replaced the head of the government
commission investigating the Aug. 21
assassination of opposition leader
Aquino's murder has cast suspicion
on the -government, the powerful
military, and the six-man commission
Marcos appointed to investigate the
AQUINO'S followers wore yellow
when he arrived at the airport last mon-
th from three years' voluntary exile in
4 the United States. They chose the color
because of a popular American song in
which a man jailed for three years
askes his sweetheart to tie a yellow rib-
bon around an oak tree if she still loves
The Makati demonstrators also were
ablaze with yellow ribbons, flowers and
country" and the violent suppression
into the elegant Rustans department
store, crowding the aisles and
escalators but not buying anything.
Opposition groups claim the store is
owned by Marcos' wife Imelda Marcos.
She denies it.
People chanted, "We want Marcos...
We want Marcos... Out." Riot police
finally charged and scattered the
Meanwhile, about 2,000 students
rallied in front of the main post office in
downtown Manila. They condemned
the "tight political repression in the
clothing. About 300 of them poured on-
of anti-Marcos protests by state
The post office rally had been
authorized in advance and police did
In San Fernando, 47 miles north of
Manila, about 3,000 people overflowed a
Roman Catholic church were Aquino's
mother Aurora gave an emotional one-
hour speech pleading for the
restoration of democracy in the coun-
The San Francisco Video Festival 1982 Traveling Show will be presented at
the Performance Network, 408 W. Washington, at 8 p.m. The show's first act
is dedicated to Nam June Paik and the second act is comprised of six pieces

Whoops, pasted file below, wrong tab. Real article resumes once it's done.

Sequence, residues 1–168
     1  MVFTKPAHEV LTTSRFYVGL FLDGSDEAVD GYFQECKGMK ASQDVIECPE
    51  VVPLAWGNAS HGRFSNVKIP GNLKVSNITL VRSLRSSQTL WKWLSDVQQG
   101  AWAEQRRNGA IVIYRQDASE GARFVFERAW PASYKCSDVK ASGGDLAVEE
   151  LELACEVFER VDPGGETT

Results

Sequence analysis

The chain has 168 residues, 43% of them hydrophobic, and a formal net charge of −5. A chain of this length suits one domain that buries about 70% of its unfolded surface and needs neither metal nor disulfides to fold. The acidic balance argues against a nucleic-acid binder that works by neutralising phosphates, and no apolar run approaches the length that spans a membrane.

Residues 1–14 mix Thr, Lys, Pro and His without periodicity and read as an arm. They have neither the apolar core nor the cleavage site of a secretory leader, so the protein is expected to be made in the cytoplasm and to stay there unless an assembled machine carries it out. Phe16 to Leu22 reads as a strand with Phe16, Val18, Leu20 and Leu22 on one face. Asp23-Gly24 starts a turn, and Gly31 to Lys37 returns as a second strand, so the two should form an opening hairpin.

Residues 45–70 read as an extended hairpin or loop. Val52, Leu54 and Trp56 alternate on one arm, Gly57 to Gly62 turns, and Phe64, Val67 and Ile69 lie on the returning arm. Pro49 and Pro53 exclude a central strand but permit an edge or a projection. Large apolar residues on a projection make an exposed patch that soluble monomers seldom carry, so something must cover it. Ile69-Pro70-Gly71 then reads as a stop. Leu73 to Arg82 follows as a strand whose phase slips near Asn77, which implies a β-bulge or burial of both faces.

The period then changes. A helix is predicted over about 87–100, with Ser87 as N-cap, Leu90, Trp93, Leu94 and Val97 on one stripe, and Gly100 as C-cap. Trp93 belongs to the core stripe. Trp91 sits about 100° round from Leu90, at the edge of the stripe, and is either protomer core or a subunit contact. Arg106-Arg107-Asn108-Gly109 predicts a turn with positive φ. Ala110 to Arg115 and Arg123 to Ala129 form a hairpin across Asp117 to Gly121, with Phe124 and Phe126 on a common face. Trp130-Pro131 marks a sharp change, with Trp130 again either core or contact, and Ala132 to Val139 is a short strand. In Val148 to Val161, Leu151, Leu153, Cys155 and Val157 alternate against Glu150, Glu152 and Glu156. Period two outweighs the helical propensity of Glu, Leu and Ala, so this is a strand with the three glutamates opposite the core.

by west coast video artists. Tickets are $5 general admission and $4 for
Ann Arbor Film Coop - Lola, 6:15 & 10 p.m., The Blue Angel, 8:20 p.m.,
Alternative Action - Frances, 7 & 9:30 p.m., MLB 3.
Cinema II - Padre, Padrons, 7 & 9:05 p.m., Aud. A, Angell.
Cinema Guild - Diva, 7 & 9:15 p.m., Lorch.
Classic Film Theater - La Cage Aux Folles, 7 & 10:30 p.m., La Cage Aux
F'olles II, 8:40 p.m., MIchigan Theater.
Hill St. Cinema - The Wizard of Oz, 8:30 & 10:30 p.m., 1429 Hill.
Mediatrics - My Favorite Year, 6:30, 8:15 and 10 p.m., Nat. Sci. Aud.
Ark - Pub sing with John Roberts and Tony Barrand, 8 p.m., 1421 Hill.
Indian Student Assn - "Shakuntala," a classical Indian dance drama,
Clague Junior High School, 2612 Nixon Rd.
Eclipse Jazz - concert, Jerome Cooper, 9 p.m., University Club.
University Musical Society - violinist Issaac Stern, 8:30 p.m., Hill Aud.
School of Music - Carillon demonstration, 11 a.m.-noon, Burton Tower.
ICLE - Frank Kennedy, "Partners and Partnerships Under the Bankrup-
tcy Code," 9-11 a.m., 116 Hutchins Hall.
Women's International League for Peace and Freedom - Dan Axelrod,
"U.S. Efforts to Start and Win A Nuclear War," 11:30 a.m., Ann Arbor
Ann Arbor Go-Club - 2-7 p.m., 1443 Mason Hall.
Tae Kwon Do Club - 9-11 p.m., CCRB Martial Arts Room..
Environmental Law Society - Symposium and panel discussion on en-
vironmental law public interest and jobs, 2 p.m., 100 Hutchins Hall.